COVID-19 and your Pets – what you need to know!
Hi there to all my fellow now home-bound pet-parents! I was debating on sending out and article this week on the COVID-19 virus or not since I am sure everyone else is feeling on virus over-load right now like I am, however I thought there are a few really important things I wanted to share with everyone.
First and most importantly is that at this time there is NO evidence to suggest that our pets can be infected by, nor carries of the virus. This is the same case in all other human or animal viruses, is that they are not zoonotic, meaning they cannot cross-infect different species. Some bacteria in fact are zoonotic, but not viruses, they are typically very specific to their host species.
It is a sad reality that as information spread of one dog testing “weakly positive”: in China, many pets have now been abandoned out of fear and misinformation. This is the report from Dr. Jonathan Ball at the University of Nottingham regarding that report:
“There is no evidence that the human novel coronavirus can infect dogs and it would be incredible for a virus to make so many species jumps in such a short space of time!
We have to differentiate between real infection and just detecting the presence of a virus – these are very different – and the fact that the test result was weakly positive would suggest that this is environmental contamination or simply the presence of coronavirus shed from the human contact that has ended up in the dog’s samples.”
So what does this mean exactly? Our pets though they will not become actively infected by the virus, nor transmitters, they can and will become exposed when around the virus, no different than if they were exposed to any other microscopic containment in our homes, cleaning products, lotions, perfumes, etc.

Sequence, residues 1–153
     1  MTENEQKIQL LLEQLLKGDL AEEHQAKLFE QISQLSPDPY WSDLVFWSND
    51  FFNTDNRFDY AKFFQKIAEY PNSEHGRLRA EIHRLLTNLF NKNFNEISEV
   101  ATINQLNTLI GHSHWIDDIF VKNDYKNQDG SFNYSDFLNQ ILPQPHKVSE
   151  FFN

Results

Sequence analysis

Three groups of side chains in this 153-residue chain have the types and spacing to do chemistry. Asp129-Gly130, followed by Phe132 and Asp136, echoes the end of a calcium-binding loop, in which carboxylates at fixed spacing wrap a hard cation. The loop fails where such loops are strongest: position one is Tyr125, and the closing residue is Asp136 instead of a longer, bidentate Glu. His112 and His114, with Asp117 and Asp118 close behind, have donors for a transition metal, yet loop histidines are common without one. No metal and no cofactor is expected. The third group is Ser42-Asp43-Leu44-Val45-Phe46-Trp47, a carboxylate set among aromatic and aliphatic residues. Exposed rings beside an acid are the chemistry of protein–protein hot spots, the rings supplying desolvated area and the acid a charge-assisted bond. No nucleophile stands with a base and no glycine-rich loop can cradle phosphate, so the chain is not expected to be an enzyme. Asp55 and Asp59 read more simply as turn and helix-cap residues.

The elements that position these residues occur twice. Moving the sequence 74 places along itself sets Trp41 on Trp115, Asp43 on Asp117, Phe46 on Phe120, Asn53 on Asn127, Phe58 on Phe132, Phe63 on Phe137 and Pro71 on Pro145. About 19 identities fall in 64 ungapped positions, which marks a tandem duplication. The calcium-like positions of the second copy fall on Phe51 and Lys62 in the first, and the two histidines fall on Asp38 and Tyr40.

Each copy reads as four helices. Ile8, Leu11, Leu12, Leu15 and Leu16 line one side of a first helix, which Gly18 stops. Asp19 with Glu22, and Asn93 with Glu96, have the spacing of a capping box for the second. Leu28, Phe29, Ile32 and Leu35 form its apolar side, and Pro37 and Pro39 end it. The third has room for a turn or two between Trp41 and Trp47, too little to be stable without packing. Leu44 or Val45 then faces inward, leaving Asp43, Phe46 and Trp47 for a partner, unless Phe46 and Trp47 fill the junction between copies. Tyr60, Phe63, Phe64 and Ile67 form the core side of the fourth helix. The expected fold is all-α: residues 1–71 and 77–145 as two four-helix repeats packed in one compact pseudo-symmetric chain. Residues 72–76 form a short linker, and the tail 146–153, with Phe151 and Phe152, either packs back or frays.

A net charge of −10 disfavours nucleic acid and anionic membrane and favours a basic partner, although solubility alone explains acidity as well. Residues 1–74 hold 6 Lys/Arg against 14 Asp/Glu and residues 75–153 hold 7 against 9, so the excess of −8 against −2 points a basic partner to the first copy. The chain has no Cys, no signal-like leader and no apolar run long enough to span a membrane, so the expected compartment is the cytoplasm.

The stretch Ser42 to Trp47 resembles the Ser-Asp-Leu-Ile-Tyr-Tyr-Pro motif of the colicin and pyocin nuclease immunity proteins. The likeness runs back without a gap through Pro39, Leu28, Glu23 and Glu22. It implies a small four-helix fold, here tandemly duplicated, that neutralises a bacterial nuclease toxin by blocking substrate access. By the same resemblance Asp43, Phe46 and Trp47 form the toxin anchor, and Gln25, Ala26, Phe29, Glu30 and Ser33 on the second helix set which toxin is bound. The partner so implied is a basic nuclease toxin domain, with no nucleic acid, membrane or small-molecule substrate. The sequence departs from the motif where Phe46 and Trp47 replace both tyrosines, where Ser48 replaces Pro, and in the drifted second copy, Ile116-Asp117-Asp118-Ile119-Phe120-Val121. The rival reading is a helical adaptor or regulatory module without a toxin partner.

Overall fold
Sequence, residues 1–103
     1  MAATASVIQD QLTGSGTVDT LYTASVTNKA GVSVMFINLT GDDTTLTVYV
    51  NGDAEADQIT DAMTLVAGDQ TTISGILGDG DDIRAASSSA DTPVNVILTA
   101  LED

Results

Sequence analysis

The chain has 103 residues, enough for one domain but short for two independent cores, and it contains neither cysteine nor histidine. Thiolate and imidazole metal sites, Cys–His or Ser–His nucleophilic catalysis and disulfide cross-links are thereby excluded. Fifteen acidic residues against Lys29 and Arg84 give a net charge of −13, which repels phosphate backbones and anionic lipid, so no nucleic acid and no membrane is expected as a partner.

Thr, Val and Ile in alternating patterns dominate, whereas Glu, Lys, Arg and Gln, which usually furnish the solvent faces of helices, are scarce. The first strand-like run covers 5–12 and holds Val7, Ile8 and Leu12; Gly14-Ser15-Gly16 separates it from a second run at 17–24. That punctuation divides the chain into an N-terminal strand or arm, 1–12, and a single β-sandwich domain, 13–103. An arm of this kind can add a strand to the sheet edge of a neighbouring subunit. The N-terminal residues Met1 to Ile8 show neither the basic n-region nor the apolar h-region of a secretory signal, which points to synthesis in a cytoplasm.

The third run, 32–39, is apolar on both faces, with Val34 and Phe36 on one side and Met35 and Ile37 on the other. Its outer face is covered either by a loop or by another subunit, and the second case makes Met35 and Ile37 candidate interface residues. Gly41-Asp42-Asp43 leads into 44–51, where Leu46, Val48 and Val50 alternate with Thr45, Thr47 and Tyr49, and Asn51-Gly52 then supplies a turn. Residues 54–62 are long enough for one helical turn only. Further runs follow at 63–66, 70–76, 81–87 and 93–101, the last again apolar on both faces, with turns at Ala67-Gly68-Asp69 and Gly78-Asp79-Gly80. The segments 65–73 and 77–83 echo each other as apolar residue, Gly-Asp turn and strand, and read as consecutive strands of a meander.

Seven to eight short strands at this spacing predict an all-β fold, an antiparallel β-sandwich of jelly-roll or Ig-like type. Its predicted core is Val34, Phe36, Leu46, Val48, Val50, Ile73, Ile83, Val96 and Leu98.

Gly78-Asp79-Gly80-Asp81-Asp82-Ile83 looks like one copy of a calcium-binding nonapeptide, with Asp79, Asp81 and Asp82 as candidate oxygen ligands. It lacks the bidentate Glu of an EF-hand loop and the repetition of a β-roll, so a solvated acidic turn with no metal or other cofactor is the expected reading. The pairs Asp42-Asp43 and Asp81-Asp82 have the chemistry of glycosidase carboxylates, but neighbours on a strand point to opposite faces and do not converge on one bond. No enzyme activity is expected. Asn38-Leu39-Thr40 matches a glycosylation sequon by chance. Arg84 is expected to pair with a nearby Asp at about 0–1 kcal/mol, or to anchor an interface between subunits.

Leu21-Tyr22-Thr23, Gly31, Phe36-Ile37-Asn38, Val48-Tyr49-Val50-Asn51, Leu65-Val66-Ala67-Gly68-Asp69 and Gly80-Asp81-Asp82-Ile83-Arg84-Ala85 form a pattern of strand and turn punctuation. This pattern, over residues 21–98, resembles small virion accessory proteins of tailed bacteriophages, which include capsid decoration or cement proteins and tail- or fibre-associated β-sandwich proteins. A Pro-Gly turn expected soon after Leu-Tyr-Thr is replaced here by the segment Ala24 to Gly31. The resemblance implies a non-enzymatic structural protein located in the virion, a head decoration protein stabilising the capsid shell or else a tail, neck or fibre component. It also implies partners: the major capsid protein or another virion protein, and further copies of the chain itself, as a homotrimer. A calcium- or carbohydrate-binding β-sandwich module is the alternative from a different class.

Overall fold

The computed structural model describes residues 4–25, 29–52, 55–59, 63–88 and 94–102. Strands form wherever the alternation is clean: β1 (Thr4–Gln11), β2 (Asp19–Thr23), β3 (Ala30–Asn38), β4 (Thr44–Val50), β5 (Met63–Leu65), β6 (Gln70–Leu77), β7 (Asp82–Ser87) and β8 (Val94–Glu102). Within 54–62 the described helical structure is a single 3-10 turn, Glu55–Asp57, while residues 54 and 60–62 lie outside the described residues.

Therefore because our pets CAN be exposed to the virus, just like any other flu virus, and just like any other object or person in our homes they can become a “fomite,” which simply means they can carry the virus on their surface of their fur, skin, paws. In order to limit potential, spread in your household, if you do become sick you should limit your exposure around your pet, no petting, cuddling and sleeping with your pet. Even if you live alone with your pets, you should exercise caution should you become sick, just like you should still limit contact because your sneezing or coughing on your pet can allow further contamination of your environment making it more difficult for your immune system to fight it off.
So, I truly hope this helps calm any of your worried minds when it comes to your safety with your pets, just like any other situation like this in life, we will all do best for ourselves, our pets, and our communities to be prepared, but also stay grounded and calm knowing we are doing all the right things, and we always get through these hard life events and come out on the other side… together!
For more detailed reading our your safety with your pet’s check out this recent article form Dr. Karen Becker; “COVID-19 And Your Pet.”
Stay tuned… our regularly schedule weekly pet-tip coming your way next week… I answer the question…How many litter Boxes should you have for your cats and why?
Thank you for being GREAT pet-parents and “Giving your pets the BEST of the Natural Life!”
For personalized one-on-one coaching for any health or behavior issues your pet is experiencing, schedule a consult now @bit.ly/PetCoachApril
Sincerely, your PetCoach,
April Arguin A.S., C.P.N., P.M.H.